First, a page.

Programmers Stack Exchange is a question and answer site for professional programmers interested in conceptual questions about software development. It's 100% free.

Sign up
Here's how it works:
  1. Anybody can ask a question
  2. Anybody can answer
  3. The best answers are voted up and rise to the top

I'm learning NodeJS and just wanted to clarify something. In several introductory tutorials and books so far, very early on they've described Node's "non-blocking" architecture - or rather that it's possible (and recommended, the entire point) to code in a non-blocking manner.

So for example, this example was given in a book I'm reading of an asynchronous way to get data from a database.

http.createServer(function (req, res) {
  database.getInformation(function (data) {

What happens (as I understand it) is Node makes the call to the database, then continues processing whatever may be next on the call stack. When the database request is complete, the data variable in the anonymous callback function will be populated and that function added to the call stack (and subsequently executed when Node gets to it).

My question is, what exactly is processing the database request? Surely Node has to block whilst it does that? What is taking care of the database request? Or if Node is waiting on an asynchronous HTTP GET request to an external resource, what is taking care of that request that allows Node to continue processing the call stack and be "non-blocking"?

share|improve this question
up vote 16 down vote accepted

When Node.js is described as "non-blocking", that specifically means that its IO is non-blocking. Node uses libuv to handle its IO in a platform-agnostic way. On Windows, it uses IO completion ports, on Unix, it uses epoll/kqueue/select/etc. So, it makes a non-blocking IO request (which may have a background thread monitoring, but this is never exposed to JavaScript) and upon a result, it queues it within the event loop which calls the JavaScript callback on the main (read: only) JavaScript thread.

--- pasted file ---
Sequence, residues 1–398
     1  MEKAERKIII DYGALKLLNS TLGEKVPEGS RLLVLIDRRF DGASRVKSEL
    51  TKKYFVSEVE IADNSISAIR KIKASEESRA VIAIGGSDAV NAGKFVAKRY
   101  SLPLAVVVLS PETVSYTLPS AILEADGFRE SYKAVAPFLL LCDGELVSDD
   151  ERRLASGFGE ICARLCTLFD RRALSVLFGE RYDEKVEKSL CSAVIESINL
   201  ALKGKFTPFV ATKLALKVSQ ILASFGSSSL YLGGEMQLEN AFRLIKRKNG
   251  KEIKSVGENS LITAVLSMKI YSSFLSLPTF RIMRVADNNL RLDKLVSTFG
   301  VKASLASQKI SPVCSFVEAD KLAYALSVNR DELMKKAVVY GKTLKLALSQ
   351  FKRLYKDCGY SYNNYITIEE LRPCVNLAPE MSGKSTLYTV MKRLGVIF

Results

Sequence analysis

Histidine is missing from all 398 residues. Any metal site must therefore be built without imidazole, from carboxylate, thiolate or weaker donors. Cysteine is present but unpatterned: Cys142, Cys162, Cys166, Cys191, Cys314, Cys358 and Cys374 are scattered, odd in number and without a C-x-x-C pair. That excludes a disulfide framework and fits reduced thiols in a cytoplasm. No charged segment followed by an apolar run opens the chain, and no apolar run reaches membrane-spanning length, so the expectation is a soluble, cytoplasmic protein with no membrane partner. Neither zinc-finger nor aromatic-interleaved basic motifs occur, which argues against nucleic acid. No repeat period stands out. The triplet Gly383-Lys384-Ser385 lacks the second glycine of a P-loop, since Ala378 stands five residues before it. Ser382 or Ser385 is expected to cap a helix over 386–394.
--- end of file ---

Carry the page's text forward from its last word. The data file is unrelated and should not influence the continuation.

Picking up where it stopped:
For databases, it depends on how the library is written. If it uses HTTP to communicate (as some NoSQL databases do), then it could be easily written in pure JavaScript using the standard node http library. If it does it another way, well, that's up to the library. It could be written in C/C++ and use background threads as long as that abstraction is never exposed to the JavaScript.

As for your question of what is "processing" the database request, ideally all that should be done is sending a simple message to a library (e.g. a SQL statement or some other query or a request to connect), and at that point your JavaScript keeps on chugging. When the library is ready to send a message back, it sends a message back to node's event queue which runs the callback, allowing that snippet of code to run.

share|improve this answer
There is the net package when http is not available. – Florian Margaine Jun 19 '13 at 10:45
Detail that might help. Node leverages the V8 JS engine. One of V8's best features is ease of binding C/C++ processes to JS calls. JavaScript functions are blocking but all a function does is call something under the hood that doesn't block. Then another JS function responds when that process is done. JS functions blocking each other means you'll never have two things trying to do something like schedule a write to the same file location at the same time which is where I assume multi-threaded needs to be managed. It's always clear which request came first for the purpose of queuing things. – Erik Reppen May 4 at 18:20

Your Answer


By posting your answer, you agree to the privacy policy and terms of service.

Not the answer you're looking for? Browse other questions tagged or ask your own question.